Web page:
Expectations of AI are ‘sky-high’ but the reality doesn’t match
ARTIFICIAL intelligence is being used across almost every industry, from finance and healthcare to retail to travel. Yet many companies lack an understanding of how to fully utilize AI technology to grow revenue and create exceptional customer experience.
Expectations of how AI can improve business performance are “sky-high” according to a report released by MIT Sloan Management Review and The Boston Consulting Group. The survey polled 3,000 business executives, managers and analysts in 112 countries and 21 industries, with results finding 84 percent believe AI will allow their companies to gain or sustain a competitive advantage.
However, 36 percent of those polled admitted to having very little understanding of AI at all. The survey also revealed that fewer than 39 percent of all companies who intend to use AI to enhance business growth have an AI strategy in place.
The first thing AI adopters need to grasp is that the quality of data being put into the AI systems will determine the outcome. This can ultimately reduce the gap between expectation and conviction, as the better the data, the more thoroughly AI can be utilized in an enterprise.
“Businesses now have the data, they have the computing power and the algorithms are mature to the point that it doesn’t take a rocket scientist to understand what the algorithm is doing,” Kirk Borne, principal data scientist and executive advisor at global technology services firm Booz Allen Hamilton told Tech Wire Asia.
Not understanding AI can massively impact your business
The lack of understanding in how to fully utilize AI could see unattended algorithms go rogue, not in the sense of robots turning evil, but instead making actions which are harmful to business strategy.
One of these harmful actions came to light in the 2014 Sydney hostage crisis, when an algorithm used by ride-sharing app Uber learned the basics of supply and demand, and applied a minimum $100 charge to those trying to get out of the immediate vicinity of the crisis.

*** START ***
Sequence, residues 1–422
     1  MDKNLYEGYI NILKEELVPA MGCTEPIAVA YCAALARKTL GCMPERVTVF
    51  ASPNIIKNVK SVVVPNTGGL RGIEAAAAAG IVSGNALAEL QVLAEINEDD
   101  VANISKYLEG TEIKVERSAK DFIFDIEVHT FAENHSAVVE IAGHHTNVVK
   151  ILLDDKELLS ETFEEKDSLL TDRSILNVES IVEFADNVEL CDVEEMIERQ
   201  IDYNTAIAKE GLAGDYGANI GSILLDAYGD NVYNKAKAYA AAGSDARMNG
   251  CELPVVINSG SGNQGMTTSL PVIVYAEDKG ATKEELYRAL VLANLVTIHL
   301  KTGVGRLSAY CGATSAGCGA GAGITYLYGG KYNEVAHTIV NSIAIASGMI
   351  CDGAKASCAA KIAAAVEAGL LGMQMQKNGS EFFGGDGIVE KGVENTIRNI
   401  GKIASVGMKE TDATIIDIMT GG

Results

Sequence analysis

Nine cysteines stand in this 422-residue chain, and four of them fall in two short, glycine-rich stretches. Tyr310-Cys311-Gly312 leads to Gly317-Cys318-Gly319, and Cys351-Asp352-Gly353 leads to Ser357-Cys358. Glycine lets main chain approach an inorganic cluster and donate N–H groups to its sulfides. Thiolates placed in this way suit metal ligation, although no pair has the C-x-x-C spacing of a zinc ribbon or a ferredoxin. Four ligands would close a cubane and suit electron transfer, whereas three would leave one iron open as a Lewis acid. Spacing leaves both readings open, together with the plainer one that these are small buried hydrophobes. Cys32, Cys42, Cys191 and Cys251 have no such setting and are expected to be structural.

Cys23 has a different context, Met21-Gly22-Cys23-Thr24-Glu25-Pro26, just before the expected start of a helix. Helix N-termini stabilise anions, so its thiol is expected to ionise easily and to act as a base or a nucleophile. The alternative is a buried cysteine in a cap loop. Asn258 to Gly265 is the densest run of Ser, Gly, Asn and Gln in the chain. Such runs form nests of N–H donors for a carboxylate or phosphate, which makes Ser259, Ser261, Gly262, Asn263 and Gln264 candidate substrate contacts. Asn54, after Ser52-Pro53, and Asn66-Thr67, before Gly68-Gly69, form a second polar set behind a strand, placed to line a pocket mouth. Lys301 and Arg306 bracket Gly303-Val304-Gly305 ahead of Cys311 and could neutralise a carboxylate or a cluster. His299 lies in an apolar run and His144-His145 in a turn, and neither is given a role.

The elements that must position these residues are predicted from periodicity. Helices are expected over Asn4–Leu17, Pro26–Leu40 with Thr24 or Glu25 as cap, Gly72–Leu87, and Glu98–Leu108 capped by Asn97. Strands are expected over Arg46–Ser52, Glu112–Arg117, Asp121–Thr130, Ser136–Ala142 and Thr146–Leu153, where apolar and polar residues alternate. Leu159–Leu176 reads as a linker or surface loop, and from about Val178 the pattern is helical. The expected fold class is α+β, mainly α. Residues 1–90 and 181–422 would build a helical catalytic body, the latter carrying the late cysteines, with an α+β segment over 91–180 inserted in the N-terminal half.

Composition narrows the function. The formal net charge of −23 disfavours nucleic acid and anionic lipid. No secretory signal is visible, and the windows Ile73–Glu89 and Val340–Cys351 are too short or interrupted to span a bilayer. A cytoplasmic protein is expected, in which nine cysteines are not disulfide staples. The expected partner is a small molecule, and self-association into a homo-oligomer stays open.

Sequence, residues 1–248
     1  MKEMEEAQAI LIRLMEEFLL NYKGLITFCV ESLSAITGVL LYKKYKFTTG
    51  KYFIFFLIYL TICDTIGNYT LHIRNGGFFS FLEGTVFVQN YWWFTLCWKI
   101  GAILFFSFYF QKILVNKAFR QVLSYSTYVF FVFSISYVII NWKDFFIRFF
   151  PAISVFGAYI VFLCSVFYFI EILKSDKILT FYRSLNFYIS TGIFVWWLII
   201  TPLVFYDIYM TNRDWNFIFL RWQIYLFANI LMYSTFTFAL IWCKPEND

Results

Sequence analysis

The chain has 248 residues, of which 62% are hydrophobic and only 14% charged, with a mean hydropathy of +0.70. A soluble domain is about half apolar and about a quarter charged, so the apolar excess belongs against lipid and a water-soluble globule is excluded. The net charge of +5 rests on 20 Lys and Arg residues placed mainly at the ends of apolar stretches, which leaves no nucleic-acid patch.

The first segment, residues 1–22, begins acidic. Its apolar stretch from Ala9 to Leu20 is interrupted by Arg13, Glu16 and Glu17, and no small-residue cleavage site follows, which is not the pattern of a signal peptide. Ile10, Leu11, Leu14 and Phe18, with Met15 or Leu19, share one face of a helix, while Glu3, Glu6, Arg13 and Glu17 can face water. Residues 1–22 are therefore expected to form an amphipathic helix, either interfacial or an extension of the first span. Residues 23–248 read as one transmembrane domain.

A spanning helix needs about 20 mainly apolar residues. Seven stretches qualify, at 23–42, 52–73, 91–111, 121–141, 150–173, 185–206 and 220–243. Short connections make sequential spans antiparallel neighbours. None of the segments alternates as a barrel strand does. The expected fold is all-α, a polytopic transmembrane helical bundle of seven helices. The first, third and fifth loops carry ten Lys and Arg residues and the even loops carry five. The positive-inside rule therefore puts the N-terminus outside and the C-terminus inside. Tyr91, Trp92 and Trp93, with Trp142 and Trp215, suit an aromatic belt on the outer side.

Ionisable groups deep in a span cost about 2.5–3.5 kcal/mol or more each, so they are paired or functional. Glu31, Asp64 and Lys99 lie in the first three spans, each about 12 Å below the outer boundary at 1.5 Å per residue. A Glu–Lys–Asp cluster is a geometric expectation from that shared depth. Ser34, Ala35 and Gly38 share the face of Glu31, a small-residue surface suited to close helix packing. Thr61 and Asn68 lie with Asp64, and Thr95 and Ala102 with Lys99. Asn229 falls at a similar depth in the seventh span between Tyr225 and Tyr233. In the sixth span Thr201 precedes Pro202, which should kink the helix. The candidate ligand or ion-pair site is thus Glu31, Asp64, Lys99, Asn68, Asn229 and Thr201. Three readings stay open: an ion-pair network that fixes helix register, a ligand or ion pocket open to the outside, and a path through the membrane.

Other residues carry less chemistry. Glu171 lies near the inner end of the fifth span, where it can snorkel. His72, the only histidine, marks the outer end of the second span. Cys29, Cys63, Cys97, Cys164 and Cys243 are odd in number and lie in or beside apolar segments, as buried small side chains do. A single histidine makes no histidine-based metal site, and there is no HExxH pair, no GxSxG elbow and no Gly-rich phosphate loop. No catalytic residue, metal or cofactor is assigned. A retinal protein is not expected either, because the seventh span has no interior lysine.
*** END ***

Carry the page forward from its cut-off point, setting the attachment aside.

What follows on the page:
Exploiting those in need is a sure way to loosen customer retention and affect brand reputation. The cognitive awareness of AI is not yet advanced enough to be used in industry. However, using AI alongside the watchful eye of human employees can ensure infantile hiccups like these are learned from and not repeated.
As companies become au fait with AI, though, more advanced systems can be used – and eventually this type of AI will be able to learn from its own mistakes. “We get good judgment from experience, we get experience from bad judgment, so when we make mistakes as humans, we learn from those things and do better next time. So if a machine replicates what humans do then it will learn too,” said Borne. “The human in the loop of machine learning can provide that judgment, so the next time, the machine can have good judgment.”
Often organizations assume AI technology will work independently to improve business. However, humans using AI systems must be able to detect patterns in algorithms and adapt to work with or eliminate them.
Allowing humans to work with AI can result in astonishing customer experiences. “An employee of the airline (Transavia) recognized, through a simple algorithm, that this one very frequent passenger was traveling with her young daughter on a flight, and it was her birthday, so they arranged to have a little birthday cake given to her. Everyone sang happy birthday and their Twitter just lit up with all positive comments,” Borne said.
Closing the gap between expectation and reality
The demand for AI technology is high across all industries, but the adoption is still in its infancy. With AI comes a lot of caution – and rightfully so. The economic risks are high, and dangers of algorithms destroying a brand reputation are also a concern.
Ensuring the data input to the machine is not fragmented or weak is essential to seeing positive results from AI. Also, if AI adopters can gain an understanding of the technology behind machine learning, enterprises can better develop business strategies.
“I think a basic understanding that, through the use of analytics and by leveraging data, we do have techniques that will produce better and more accurate results and decisions than gut instinct is important,” J D Elliott, director of enterprise data management at TIAA, told MIT Sloan.
For years, AI was an ominous phrase, lurking in the laboratories of data scientists and in the minds of futurist action movie fans. It is now advancing and its adoption is one way to add value to any business. However, the disparities between ambition and execution have to be eliminated in order for every enterprise to run exceptionally well, and deliver birthday cake to each of their valued and unsuspecting customers.